Astrazereneca India Case Study

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As the previously discussed case Fresenius Kabi had unsettled the legal regime on delisting process, the case of AstraZeneca Pharma has come up raising similar questions about the delisting guidelines in India. THE CASE OF ASTRAZENECA The listed company in scrutiny, AstraZeneca India is a 90% subsidiary of AstraZeneca Pharmaceuticals AB Sweden. The promoters, AstraZeneca Pharmaceuticals had made attempts to delist itself multiple times in the last decade. It had made a voluntary offer in 2002 through open market purchase procedure increasing its shareholder from 56.51% of the shares to 91.61% of the shares. Another unsuccessful attempt was made in 2004 when it made a delisting at a price of Rs. 825. The retail investors were holding the company for ransom and the final exit price went up to Rs. 3000 for each share. The promoter, unable to buy shares at the exit price called off the delisting process. AstraZeneca, in compliance with the SEBI guidelines requiring listed companies to have a minimum public shareholding of 25% through an offer for sale of shares. A major chunk of the shares were acquired by foreign institutional investors who were allegedly in a tacit agreement to ease the delisting process for AstraZeneca. As per the delisting…show more content…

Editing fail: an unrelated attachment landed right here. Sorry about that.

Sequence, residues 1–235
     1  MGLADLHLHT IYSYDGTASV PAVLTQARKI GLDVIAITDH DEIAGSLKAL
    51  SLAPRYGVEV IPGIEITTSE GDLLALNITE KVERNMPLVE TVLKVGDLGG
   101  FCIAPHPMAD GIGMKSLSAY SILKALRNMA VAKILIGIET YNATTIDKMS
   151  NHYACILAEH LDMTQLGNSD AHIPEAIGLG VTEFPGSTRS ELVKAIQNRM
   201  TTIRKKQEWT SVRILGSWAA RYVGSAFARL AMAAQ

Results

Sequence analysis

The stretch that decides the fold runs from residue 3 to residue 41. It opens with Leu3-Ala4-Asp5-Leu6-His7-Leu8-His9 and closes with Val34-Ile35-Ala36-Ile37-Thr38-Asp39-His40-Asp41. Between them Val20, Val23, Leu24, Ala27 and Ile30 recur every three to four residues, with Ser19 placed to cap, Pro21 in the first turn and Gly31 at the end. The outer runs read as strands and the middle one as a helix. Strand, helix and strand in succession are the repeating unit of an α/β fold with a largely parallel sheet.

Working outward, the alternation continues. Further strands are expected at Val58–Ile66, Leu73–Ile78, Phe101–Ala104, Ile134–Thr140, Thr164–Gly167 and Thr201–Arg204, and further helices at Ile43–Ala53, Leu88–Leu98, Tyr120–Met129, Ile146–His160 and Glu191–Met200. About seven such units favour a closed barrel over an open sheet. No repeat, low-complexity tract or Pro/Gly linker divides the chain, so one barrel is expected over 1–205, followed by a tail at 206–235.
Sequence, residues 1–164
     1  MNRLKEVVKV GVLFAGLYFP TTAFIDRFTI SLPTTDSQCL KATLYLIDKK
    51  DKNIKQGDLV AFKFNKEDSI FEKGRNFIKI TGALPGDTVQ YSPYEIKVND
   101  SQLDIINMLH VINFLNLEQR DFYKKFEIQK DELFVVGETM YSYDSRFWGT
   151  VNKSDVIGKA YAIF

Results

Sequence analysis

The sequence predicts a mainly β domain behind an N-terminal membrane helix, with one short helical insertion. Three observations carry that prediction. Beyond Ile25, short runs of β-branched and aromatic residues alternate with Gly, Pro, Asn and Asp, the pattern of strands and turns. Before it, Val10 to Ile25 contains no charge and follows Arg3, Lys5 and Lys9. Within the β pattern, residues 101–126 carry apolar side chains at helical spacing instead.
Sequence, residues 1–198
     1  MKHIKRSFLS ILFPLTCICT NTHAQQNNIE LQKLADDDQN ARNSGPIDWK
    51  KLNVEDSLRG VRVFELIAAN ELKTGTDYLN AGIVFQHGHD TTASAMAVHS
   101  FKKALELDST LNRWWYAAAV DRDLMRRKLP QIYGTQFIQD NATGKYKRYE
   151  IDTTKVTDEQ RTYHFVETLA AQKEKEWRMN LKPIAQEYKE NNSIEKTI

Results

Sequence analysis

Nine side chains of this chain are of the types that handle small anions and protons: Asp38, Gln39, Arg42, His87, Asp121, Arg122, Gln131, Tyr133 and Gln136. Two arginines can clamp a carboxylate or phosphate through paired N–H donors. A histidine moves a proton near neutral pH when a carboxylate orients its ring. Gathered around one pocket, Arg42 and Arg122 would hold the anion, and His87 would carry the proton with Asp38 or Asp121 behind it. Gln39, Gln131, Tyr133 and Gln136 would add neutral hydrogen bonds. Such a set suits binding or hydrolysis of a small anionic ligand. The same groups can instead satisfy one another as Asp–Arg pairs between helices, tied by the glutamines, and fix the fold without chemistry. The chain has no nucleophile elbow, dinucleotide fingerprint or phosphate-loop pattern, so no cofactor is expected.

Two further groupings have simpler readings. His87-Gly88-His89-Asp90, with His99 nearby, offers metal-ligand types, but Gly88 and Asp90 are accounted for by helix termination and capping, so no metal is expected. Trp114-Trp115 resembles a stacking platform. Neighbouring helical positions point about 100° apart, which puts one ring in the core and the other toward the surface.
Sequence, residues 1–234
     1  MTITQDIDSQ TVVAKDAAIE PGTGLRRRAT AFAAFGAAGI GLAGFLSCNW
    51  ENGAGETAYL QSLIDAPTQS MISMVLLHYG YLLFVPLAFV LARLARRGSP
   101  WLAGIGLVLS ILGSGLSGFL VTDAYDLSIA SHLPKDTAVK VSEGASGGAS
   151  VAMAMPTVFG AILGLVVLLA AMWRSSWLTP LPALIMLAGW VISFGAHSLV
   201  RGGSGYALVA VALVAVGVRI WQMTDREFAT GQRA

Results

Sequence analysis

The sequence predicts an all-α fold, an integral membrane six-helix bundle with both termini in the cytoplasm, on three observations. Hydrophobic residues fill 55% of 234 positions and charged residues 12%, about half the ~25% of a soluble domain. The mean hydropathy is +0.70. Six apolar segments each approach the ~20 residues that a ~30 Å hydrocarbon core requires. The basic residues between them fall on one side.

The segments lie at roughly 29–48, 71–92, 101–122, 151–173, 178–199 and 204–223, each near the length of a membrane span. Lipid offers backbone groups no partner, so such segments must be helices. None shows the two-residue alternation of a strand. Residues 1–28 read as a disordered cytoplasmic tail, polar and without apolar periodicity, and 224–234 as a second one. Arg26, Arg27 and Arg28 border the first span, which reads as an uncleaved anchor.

Even though the prices of the shares of AstraZeneca prior to the OFS had closed at Rs. 805.3, the floor price for OFS was as low as Rs. 490 and the Elliot Group was successful in purchasing all the shares at Rs. 625.35 only. The prices bid by the Elliot group were significantly above the floor price and the prevailing indicative prices and this was the reason Elliot group had successfully managed to purchase a major chunk of shares available. Had the promoters of acted independently, the floor price would have been higher to increase the final value of shares after

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